Freediving with the enemy
by Hanli Prinsloo

The boat speeds along the bumpy blue of the Indian Ocean, I pull my hood up over my head, keeping your ears warm, dry and happy is the number two priority of all serious freedivers,
…number one being staying clear of sharks. I mean seriously, who can relax, breathe deeply and feel their heart rate slow down when an apex predator could be lurking close by, intent on eating freediver?
So why I am I on the bumpy blue Indian Ocean? To freedive with sharks… voluntarily, of my own free will. I’m in Umkomaas on the Natal south coast, the east coast of South Africa that boasts rolling green hills, sugar cane fields and the sharks of Aliwal Shoal.

The tiger sharks who reside here are all female, I heard, which makes me feel a bit more confident for a while, what with feminist solidarity and all that, but as I put my fins on and spit in my mask, I am sure that this will not be like any other freedive…

The visibility is good, I can see the bottom at 20m, as always I feel the pull of the deep…two, three four belly breaths and I’m off. The rocky reef at the bottom feels safe, nothing can come from below, I look up…they’re here. Sharks circle above me, five… ten, is it possible? Elegant but cheeky black tip reef sharks, smaller than the tiger sharks… where are they?

My time is up, I ascend slowly to the surface, bending my one leg slightly I position my long fins in a way that I spiral to the top. This way I can keep a 360 degree watch, waiting for the tigers to come…She’s right under me, I see her turn, slowly ascending towards me, 3 full meters of tiger shark. The guide’s words echo in my head, ‘if she’s coming at you, just gently push down on her nose’, and all I can think as she is approaching is: would the nose be that expanse of flesh just above the huge mouth? She comes, we meet, I push, she leaves, her beautifully marked back swanking away, like a model working the catwalk. Her remora-fish hurry after, their sole-like heads buzzing by in their eagerness to keep up with her, their queen of cool. Her name is Karen, she’s a well-known lady of leisure in this area.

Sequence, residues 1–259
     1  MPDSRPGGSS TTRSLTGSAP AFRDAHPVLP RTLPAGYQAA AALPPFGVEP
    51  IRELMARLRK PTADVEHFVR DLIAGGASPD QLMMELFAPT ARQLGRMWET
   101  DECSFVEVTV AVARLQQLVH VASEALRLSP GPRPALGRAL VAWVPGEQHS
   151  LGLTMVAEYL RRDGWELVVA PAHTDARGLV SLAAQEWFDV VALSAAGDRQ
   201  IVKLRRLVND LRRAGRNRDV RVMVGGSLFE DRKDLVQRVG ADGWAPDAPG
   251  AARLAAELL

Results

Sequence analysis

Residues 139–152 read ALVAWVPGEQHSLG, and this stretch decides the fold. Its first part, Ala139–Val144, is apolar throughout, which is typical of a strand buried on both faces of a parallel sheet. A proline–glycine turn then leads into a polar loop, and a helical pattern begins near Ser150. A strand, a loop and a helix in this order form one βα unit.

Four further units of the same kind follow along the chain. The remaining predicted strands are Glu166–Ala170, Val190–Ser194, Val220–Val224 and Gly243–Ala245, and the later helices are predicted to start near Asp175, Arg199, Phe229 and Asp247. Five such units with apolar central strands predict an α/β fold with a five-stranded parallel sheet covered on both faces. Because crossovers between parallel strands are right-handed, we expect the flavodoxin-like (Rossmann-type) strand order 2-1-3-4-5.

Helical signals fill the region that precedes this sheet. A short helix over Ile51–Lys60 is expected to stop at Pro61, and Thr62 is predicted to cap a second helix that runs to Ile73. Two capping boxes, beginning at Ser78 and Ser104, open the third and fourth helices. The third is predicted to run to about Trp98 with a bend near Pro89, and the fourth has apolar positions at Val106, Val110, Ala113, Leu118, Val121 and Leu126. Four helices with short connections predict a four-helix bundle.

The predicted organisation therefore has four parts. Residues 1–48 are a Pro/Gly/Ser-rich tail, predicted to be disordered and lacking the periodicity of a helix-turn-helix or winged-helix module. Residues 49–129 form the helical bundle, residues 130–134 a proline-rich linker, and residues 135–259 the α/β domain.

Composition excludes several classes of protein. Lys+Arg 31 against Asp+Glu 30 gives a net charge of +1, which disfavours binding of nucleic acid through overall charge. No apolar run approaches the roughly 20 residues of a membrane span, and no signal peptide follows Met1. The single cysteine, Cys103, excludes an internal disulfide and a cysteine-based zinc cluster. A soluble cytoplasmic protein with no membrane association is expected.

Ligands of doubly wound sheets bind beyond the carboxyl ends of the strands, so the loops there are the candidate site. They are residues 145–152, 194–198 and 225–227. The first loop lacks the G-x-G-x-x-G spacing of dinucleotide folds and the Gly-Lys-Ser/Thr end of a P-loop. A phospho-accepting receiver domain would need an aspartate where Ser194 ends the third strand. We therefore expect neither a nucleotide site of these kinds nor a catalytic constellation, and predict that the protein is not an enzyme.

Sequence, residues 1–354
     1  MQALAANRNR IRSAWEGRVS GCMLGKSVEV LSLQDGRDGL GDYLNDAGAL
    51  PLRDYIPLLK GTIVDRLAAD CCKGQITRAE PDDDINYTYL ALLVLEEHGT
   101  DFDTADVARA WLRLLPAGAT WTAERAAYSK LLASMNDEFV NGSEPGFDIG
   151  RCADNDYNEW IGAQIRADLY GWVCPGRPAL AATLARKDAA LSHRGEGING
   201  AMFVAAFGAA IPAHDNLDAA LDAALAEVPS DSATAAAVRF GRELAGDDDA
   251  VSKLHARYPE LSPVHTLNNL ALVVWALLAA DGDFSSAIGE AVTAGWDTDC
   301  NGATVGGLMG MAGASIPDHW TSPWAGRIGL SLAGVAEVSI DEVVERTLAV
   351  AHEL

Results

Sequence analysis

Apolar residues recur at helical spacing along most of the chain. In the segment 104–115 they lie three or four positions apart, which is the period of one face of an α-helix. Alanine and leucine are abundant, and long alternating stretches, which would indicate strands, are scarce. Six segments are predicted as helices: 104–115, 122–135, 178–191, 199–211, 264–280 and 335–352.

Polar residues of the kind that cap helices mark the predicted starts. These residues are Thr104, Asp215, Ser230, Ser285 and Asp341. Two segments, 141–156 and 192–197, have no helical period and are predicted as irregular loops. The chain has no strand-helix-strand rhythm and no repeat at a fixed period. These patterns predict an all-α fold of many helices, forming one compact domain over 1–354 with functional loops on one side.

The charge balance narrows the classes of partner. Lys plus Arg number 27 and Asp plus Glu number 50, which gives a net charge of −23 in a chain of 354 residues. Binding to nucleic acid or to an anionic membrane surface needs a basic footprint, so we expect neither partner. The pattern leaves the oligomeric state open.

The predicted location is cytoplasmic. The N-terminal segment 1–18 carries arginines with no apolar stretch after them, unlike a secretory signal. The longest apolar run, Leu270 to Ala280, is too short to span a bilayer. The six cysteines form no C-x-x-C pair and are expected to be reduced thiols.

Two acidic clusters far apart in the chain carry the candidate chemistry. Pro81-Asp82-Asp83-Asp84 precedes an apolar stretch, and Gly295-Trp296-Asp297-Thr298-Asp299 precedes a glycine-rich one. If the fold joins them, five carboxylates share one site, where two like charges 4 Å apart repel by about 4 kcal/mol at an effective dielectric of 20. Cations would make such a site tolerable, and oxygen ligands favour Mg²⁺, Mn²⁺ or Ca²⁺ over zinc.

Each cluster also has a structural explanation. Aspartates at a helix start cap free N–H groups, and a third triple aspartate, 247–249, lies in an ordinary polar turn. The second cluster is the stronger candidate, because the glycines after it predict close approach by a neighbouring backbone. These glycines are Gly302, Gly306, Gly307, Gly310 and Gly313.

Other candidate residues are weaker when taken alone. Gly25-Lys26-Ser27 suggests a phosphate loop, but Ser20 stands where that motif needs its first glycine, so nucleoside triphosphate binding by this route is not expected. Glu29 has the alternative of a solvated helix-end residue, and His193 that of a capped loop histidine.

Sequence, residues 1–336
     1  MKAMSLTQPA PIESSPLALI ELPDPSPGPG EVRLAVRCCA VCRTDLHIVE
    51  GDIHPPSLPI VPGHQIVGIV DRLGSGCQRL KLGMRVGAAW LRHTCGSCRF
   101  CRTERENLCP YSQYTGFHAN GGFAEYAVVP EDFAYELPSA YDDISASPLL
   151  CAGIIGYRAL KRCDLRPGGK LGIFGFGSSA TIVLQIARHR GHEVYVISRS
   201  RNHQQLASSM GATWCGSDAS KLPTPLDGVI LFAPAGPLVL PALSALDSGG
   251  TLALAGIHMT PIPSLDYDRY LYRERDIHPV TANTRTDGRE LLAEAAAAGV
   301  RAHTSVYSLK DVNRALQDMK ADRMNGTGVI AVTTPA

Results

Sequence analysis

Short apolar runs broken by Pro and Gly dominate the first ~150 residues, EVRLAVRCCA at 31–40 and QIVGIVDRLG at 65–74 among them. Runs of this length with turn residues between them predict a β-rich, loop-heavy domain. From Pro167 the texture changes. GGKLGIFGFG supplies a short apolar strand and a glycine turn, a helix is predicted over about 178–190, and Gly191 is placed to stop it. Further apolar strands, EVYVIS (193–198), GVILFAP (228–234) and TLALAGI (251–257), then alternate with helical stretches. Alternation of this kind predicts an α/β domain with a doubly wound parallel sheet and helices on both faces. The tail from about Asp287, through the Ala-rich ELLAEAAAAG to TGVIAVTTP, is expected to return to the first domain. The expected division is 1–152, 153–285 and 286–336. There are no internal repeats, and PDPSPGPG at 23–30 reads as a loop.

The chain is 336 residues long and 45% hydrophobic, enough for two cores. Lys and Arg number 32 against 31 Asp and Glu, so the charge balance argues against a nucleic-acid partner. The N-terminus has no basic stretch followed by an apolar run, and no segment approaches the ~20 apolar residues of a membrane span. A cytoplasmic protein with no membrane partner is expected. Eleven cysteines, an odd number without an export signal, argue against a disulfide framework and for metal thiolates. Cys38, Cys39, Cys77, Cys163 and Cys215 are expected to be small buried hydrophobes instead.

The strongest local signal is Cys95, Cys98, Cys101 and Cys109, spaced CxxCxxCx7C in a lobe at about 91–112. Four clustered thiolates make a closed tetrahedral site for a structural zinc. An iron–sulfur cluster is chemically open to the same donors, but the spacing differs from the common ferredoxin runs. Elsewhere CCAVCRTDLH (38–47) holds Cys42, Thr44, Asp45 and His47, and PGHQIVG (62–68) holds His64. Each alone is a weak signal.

For many years I have travelled in the hope of diving with the more beloved of the sea’s playmates- dolphins, whales and seals. Sharks have never been on my list of best friends, not for any personal reason, just because, like you, I’ve seen Jaws and I’ve believed every news article and doccie depicting them as brainless, toothy killing machines. But here’s the thing, we were wrong. These beautiful fish are as much of an encounter worth fighting for as any smiling bottlenose, but the reality is, very few are fighting for Karen and her kin.

Back on the boat my head is spinning. It’s like suddenly getting your head around the truth that the big bad wolf didn’t eat red riding hood’s granny, it was just a big bad media scam. I touched a very big shark and it was ok, and she has a name. Approaching land there are red and orange buoys bobbing not far from the beach, shark nets.

I’m in Umkomaas to teach freediving through Blue Wilderness, run by Mark and Gail Addison, who love sharks and the truth in equal measures. Sadly truth itself has been very much lacking in the world of sharks. Earlier this year three of these beautiful resident tiger sharks were caught, like common line fish. Many people, among them the Addisons, know who the culprits are, have spoken with all the prosecuting authorities, to no avail. Nobody has been punished and the bodies of the sharks were sold as cheap meat.
What really breaks my heart though, is that this random killing is sadly a small red drop in a much bigger bucket of blood. The shark nets I noticed as we came back from the dive, kill hundreds of sharks monthly all along the Kwazulu Natal Coast. The Natal Sharks Board proudly speaks of their drum-lines as a substitute to shark nets, to protect you and me, the swimmers. Do you know what drum lines are? Long fishing lines with big baited hooks… yes, the sharks are caught and killed. This has become common practice in SA, proudly copied from an Australian model. What a disaster. I feel my heart grow heavy, the plight of my new best friends seem to be in the hands of people who do not even care about the ocean. This is a problem, don’t you agree?

As South- Africans, we need to fight for our seas, her smiling and her toothy children. We have many challenges, it is true, but we cannot overlook this injustice just because we have too many injustices, it’s not an excuse. And any other ocean lovers, let this be known, because god help us if we allow such kind creatures like Karen and the others I met to be slaughtered in this mindless way.